Now take the sheet and roll it up loosely like a rope, trying to keep some air in between the layers (this is what replaces the yeast and makes the texture of the final bread lighter that it otherwise would be). Now drizzle the rope with another teaspoon of ghee. Yes, more ghee.
OK, pause to catch your breath. Almost done.
Coil the first rope into a loose pinwheel shape, keeping plenty of small air pockets in between the coils. Tuck the end into the center (which I didn't do, but the final product didn't suffer). Repeat with the rest of the ropes. Flip them over and let rest for five minutes.
Now flatten the first pinwheel until it is about 7 or 8 inches in diameter. Melt some (what else) ghee over low heat in a large griddle and cook the first dough until a deep golden brown on both sides. Repeat with the remaining breads.
Now when they have cooled a little, put them between your hands and "clap" a few times, which will help separate the layers. That's it. Whew, that was complicated.
OK now for the ayam panggang. But first I have to tell you about kaffir lime. I saw a package of leaves the other day at the co-op, and I thought, cool! I've never actually seen those before, and I've had to pass on loads of recipes because I had no source for them. But like a big dummy, I didn't buy them. Of course in my defense, I didn't know you could freeze them. Anyway when I went back for them the store no longer had them, which just figures because that's the kind of luck I have. So I bought a kaffir lime tree. Yes, you heard me, I now have a kaffir lime tree in my living room.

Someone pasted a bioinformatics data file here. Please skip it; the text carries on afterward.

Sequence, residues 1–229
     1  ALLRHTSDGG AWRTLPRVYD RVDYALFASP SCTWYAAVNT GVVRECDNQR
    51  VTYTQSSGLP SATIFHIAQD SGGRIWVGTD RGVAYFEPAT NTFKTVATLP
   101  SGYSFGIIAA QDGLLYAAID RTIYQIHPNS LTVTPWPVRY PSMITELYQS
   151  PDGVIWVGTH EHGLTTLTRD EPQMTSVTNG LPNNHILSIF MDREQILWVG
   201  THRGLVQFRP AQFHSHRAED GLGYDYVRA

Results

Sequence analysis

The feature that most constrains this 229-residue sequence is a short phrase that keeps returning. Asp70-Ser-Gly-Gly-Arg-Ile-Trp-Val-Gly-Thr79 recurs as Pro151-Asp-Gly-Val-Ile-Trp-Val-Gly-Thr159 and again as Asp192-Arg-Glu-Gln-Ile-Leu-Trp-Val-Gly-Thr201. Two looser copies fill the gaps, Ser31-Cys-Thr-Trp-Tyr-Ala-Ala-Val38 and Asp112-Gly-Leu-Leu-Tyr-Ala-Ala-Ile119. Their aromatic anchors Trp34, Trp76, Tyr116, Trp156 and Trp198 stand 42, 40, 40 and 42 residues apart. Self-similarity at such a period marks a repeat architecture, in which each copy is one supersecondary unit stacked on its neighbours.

You may think that's a little crazy, especially since the original version of this recipe didn't even call for kaffir lime leaves, but I've actually been thinking about doing this for a while. I see kaffir lime leaves in a lot of ingredient lists, especially Thai recipes. And they are supposed to be pretty good house plants. Of course, I kill most of my house plants, so we'll have to see how that works out.
So anyway, on to the recipe: